BIRMINGHAM — Skip Holtz sent a clear message to his Birmingham Stallions team when they first gathered for practice less than two weeks ago.

The USFL championship, which was won last season, belongs to last year's team. This year's team, though, has won nothing.

"You look at last year, we won a championship, that was great," Holtz said. "It's a new year. There have only been eight return winners in the NFL since 1965. In the first eight years, there were four. There have only been four in the last 45 years. It's hard to repeat. It's hard to do this. The only way we're going to do it is if we take the mindset that we're humble and hungry, and we keep banging that rock and get as good as we can be. We're not King of the Mountain. We're 0-0, and we're going to get what we earn this year."

The work has begun.

"I can't tell you how much I've enjoyed getting back out here on the grass, getting your heart rate up," Holtz said. "During the offseason, they can lift weights. They can run, they can think of what we could call and the game plan type of deal. But you can't simulate 11 on 11. Coming out here, we've waited eight months for this. Now, having the opportunity to get it, absolutely love it."

Holtz said the Stallions return about 80% of the roster from last year's championship. Quarterbacks J'Mar Smith and Alex McGough return, as do leading rushers CJ Marable and Bo Scarbrough and receiver Marlon Williams. Defensive end Jonathan Newsome, linebacker Scooby Wright III and cornerbacks Lorenzo Burn and Brian Allen are among the returnees on defense.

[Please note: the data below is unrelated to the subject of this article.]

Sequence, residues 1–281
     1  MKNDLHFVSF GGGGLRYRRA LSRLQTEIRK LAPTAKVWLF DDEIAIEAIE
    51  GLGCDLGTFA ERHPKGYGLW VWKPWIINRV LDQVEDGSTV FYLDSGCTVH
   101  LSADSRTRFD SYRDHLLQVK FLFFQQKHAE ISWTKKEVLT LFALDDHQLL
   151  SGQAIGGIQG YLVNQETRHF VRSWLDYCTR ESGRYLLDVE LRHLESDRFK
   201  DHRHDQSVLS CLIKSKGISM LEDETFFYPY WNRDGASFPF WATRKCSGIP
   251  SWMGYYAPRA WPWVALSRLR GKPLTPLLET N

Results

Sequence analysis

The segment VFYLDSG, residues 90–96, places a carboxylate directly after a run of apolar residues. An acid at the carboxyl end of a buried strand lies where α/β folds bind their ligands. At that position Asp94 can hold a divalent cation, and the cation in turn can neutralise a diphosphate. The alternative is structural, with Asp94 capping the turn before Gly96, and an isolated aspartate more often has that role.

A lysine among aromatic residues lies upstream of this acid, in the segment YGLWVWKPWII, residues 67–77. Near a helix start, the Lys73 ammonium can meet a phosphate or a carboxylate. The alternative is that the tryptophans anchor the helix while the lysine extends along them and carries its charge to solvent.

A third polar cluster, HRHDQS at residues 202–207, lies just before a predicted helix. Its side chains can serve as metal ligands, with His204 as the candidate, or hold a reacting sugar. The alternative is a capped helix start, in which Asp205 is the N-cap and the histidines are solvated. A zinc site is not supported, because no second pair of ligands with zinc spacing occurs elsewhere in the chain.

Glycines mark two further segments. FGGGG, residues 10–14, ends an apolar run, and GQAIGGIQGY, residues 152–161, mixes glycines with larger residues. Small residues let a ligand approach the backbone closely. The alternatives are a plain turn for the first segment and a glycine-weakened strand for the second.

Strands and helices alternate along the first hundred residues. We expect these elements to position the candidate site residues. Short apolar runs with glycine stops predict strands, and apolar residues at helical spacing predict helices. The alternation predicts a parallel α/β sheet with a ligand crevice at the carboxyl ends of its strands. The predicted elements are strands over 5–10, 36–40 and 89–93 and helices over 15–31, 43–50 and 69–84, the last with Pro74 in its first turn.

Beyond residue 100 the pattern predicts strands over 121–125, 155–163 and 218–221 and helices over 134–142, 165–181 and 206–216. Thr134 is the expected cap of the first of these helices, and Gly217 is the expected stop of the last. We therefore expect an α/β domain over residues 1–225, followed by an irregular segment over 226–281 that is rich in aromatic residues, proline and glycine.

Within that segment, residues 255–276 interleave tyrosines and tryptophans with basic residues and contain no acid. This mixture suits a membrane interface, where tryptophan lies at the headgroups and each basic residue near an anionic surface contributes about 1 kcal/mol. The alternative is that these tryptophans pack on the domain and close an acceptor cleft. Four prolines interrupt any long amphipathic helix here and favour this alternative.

Starting camp with that core was different than a year ago when everyone was in their first USFL season.

 "To have 80% back, those guys are coaching the new guys, the rookies," said Holtz, who has 58 players on the current roster and must cut down to 53 by the start of a season that begins on April 15. "We now have rookies. Last year, everybody was a rookie. We have rookies and vets. We've got a lot of guys that are returning that know what to do. I think they've done a great job of coaching the newer players on how we do things, how we execute. Lot of coaching going on, not just from the coaches."

USFL teams don't the luxury of off-season practices or team workouts. Holtz said the coaches and players had Zoom calls to help with learning and retention of the playbook. He said that each time a new player signed in the offseason, they would send them a playbook to begin the learning process. It still was much easier on the veterans once practice began.

"It's very refreshing to know that very first day we came out there, 80% of the playbook was in," Holtz said. "The vets were good. The rookies were swimming a little bit, but they're catching up."

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